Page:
But in the truth of that last moment, she upped the ante:  He could either have her better self — or whatever was left of her, after the sans six years — or no self of hers at all.  She left him to his chosen life.

And in that last truth, the only person who deserved compassion (because she still would not receive his better love) — was the man’s Chosen Wife.

But hers — was a whole another story:

Of yet Another Woman.

“Call ME! On the Line! Call Me, Call Me, Any, ANY TIME!”

My cellphone broke down yesterday:  Finally, that poor thing!

It had been with me for over three years, and by now I was getting texts and phone calls from the Verizon people on a regular basis, begging me to get an upgrade.

“Did you know you were eligible for a $50 rebate?!” some nice girl would be trying to tell me after I would call to complain about the most recent malfunction on my device:

“The flip is not clicking anymore,” I’d say.  “I think it’s loose.”

“Well, m’am,” the nice girl would be studying my files on her screen.  She seemed to be patient, and yes, super nice.  Perhaps, in those files, she could read all the records of my previous love affairs, from start to finish; and she would take pity on me.  And even if she couldn’t see my love stories unfold through a progression of texts between my exes and I, I bet she could tell I was going through another break-up by the gastronomical size of my bill that month.

And sometimes, I would imagine she had some sort of a hidden camera thingy connected to the flimsy flip in my hand, and she could actually see all the terrible truths about my life.

“Hmm.  It says here you’d drowned your phone in a cup of coffee nearly a year ago.”

(See!  I told you she had that hidden camera thingy!)

But yes, it is true about the coffee.  You see, about a year ago, I had finally decided my motha and I were ready to cross the next boundary in our relationship — and that we could try texting each other.

Now, I am not one of those absentee daughters.  I call my motha on a regular basis, one-to-two weekend nights per week.  Even if we feel like we have nothing to say to each other, I would much rather hear motha’s repeated monologues on the other end of my cellphone — than suffer the passive-aggressive silence after I had somehow forgotten to call her one weekend.  Because let me tell you:  Jewish mothers have NOTHING on my motha with their guilt trips.  My motha copyrighted that shit!  And she is not really the silent type, neither in Russian nor English.  So, when she does go quiet on you, she can raise the hairs on the back of your neck with feelings of her orphan-like abandonment and saintly martyrdom.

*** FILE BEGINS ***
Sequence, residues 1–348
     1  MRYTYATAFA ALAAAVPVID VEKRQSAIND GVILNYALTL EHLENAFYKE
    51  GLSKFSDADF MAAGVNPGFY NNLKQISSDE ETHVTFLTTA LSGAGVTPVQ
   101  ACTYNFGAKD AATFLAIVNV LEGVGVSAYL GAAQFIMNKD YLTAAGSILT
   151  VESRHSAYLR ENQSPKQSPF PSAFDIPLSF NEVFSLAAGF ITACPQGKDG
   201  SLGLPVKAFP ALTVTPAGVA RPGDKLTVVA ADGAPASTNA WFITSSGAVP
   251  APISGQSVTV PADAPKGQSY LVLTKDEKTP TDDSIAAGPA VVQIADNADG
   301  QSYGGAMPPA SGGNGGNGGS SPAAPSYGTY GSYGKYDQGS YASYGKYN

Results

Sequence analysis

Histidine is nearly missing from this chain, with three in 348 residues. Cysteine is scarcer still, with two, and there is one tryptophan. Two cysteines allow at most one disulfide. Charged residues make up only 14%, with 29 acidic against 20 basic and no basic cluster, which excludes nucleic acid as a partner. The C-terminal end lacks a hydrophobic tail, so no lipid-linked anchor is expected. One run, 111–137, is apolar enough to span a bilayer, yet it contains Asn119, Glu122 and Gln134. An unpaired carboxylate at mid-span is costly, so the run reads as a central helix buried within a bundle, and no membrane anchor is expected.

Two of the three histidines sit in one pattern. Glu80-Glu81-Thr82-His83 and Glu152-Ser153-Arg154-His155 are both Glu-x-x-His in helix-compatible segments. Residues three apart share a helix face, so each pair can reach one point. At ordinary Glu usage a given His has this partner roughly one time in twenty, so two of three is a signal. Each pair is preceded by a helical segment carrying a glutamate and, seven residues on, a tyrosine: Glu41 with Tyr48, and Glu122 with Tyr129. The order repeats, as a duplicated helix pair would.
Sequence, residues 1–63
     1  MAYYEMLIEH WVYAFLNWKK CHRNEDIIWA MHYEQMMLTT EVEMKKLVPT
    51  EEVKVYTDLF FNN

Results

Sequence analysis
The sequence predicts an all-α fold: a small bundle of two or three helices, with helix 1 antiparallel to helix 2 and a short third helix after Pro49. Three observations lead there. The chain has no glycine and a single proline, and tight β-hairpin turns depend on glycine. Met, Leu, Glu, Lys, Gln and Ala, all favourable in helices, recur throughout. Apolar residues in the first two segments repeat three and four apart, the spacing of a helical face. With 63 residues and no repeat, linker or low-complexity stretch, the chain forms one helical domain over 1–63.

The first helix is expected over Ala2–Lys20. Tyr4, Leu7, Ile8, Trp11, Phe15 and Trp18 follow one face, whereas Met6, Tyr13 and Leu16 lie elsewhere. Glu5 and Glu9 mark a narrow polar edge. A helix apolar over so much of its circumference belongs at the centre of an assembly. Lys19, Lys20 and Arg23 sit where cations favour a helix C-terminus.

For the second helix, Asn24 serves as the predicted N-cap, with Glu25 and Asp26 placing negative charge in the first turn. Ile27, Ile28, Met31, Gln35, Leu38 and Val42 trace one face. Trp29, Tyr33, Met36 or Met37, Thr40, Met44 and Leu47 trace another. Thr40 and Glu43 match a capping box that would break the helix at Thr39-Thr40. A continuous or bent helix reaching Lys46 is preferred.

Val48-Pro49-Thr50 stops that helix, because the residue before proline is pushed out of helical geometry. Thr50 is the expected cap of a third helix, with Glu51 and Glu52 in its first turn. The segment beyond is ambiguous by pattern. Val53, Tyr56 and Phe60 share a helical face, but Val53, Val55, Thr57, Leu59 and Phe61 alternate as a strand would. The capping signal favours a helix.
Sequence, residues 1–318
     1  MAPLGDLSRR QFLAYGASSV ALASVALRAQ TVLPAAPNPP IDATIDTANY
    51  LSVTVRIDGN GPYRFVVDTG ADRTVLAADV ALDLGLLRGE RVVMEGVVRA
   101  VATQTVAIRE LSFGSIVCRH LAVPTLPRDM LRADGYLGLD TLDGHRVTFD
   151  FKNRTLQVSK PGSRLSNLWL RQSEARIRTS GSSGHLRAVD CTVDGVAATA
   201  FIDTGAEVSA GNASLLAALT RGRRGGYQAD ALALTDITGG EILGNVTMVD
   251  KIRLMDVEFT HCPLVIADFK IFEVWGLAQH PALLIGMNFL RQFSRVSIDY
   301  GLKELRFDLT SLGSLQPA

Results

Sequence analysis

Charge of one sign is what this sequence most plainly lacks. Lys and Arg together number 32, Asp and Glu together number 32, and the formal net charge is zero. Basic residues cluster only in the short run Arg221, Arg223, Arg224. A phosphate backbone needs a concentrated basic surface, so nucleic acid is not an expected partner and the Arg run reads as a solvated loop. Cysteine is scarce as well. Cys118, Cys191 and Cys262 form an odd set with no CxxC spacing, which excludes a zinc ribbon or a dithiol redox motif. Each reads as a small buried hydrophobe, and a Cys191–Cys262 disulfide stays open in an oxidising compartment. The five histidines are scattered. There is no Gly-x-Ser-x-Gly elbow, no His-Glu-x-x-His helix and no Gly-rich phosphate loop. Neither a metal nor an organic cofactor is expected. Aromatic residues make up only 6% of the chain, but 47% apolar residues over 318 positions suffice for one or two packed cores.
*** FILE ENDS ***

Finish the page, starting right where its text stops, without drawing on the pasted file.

Anyway.  At the end of last summer, we had passed a new threshold:  For the first time in our lives, we each had our own place with which we were finally perfectly content.  There would be no more terrible roommates.  No more partners with messy habits.  And we had vowed that each would stay at her place for at least a couple of years.

Conveniently, my motha’s joint had horrendous cellphone reception.  So, before she got herself a landline, I would have to text — to test her availability.

“CALL NOW” — motha would respond, often with no punctuation marks and in all caps.

But my very first text to motha was actually less than technical.

“Lov U, shawty,” I wrote.

I was feeling mushy that morning.  It’s a consequence of having a heart that’s easily prone to gratitude.  Motha would understand that:  I am sure I’ve inherited that damn thing from her.  And so:

“Lov U, shawty,” I composed.  But right before I could hit the red button of SEND, the flip phone slipped out of my hand and dove right into the middle of my morning cup of coffee with a precision of a kamikaze.

“SHIT” — I thought (with no punctuation marks and in all caps).  “My coffee is ruined.”

As I said:  I had just moved into the place, and before I had unpacked my kitchen supplies, I had walked to the 7-Eleven on the corner to get my caffeine fix for the day.

The flip phone was retrieved eventually and immediately buried in a jar of rice.  It wasn’t white rice, but one of those healthy wild rice mixtures from Trader Joe’s.  So, the trick wouldn’t work, and I would go through the hassle of filing an insurance claim and waiting for some hideous device to arrive in the mail.  My old flip phone would eventually be revived with the help of a hairdryer, and I would feel like my faithful device and I had passed another hurdle in life.  We were veterans.  Survivors.  And we weren’t ready to part ways yet.